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The Story I Won't Write About Clark County Schools


In the beginning of the summer I pitched to my editors a story that I'd like to write this coming school year about how the Clark County school district in Las Vegas, Nev., met its adequate yearly progress goals overall for two school years in a row. This is a very unusual feat for a large urban school district. Even school districts in New York City and Brownsville, Texas, which have won the Broad Prize for Urban Education, have failed to make AYP as a district overall some school years.

But it turns out I won't visit the Clark County district and write about its successful run with AYP because the district announced last week that it failed to make AYP for the 2008-09 school year. The district's Web site doesn't speculate why this is the case. Local news stories, here and here, however, say that higher academic standards for elementary and middle school students and budget cuts are contributing factors.

It's still noteworthy that the district made AYP in 2007 and 2008. But in my news judgment, since the district wasn't able to continue its successful streak in terms of how the No Child Left Behind Act measures accountability, the story has less value for educators who are seeking model approaches to education.

I've visited Clark County schools twice for Education Week over the years to report on English-language learners and I know that group of students has presented a lot of challenges for the district. Many ELLs come from low-income families. Nevada is one of 10 states in the nation that doesn't provide any additional funding for English-language learners beyond what it provides for regular students, according to the EPE Research Center. The school district also struggles to keep teenagers in school, given the opportunities for them to work in jobs related to Las Vegas casinos, though some of those jobs may have dried up given the economic downturn.

But not all the news about accountability for this past school year was bad news. Today, the Las Vegas Sun features Valley High School in Clark County for being named a "high-achieving turnaround" school under the No Child Left Behind Act.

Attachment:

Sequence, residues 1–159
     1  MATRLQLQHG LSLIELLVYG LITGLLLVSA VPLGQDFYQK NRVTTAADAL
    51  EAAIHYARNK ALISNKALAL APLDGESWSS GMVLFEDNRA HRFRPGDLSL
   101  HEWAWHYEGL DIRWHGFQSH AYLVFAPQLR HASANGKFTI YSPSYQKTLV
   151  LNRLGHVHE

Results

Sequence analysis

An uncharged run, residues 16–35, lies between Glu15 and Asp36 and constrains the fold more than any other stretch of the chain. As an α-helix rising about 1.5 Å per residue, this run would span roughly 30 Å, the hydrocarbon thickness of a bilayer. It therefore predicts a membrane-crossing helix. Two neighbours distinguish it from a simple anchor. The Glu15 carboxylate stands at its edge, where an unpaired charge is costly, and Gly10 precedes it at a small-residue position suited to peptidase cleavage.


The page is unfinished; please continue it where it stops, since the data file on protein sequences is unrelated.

More than relying on largely uninformative links like the massive "Y/N" fest provided by the link to Clark County, it might help to go deeper than the simple Y/N boxes of that link and actually find out the reason Clark didn't "pass"?

I spent a little more time going to the Nevada DOE site and did find that the AMOs for this year are just about the same as in the last 2-3 years...

Elementary Middle
ELA Math ELA Math
2006-07 39.6% 43.3% 39.6% 43.3%
2007-08 51.7% 54.6% 51.7% 54.6%
2008-09 51.7% 54.6% 51.7% 54.6%
2010-11 63.8% 65.9% 63.8% 65.9%
2011-12 75.9% 77.2% 75.9% 77.2%
2012-13 88.0% 88.5% 88.0% 88.5%
2013-14 100.0% 100.0% 100.0% 100.0%

Note: If Clark County thinks this year was tough...wait until next year. Looking at the above, the argument they "failed" this year due to higher standards doesn't make sense (although, obviously, other factors like test construction, cut scores, etc. might have played a role).

Having read (and become a bit obsessed by) the Fordham's Institute's Accountability Illusion, I'm interested in going beyond "Y/N" and really breaking this stuff down. Perhaps Education Week could do the same.

Thanks for your work, and I look forward to more.


If the tests are legitimate and the students really are ESOL students then they can't make AYP. The whole testing industry and laws regarding them are misguided.

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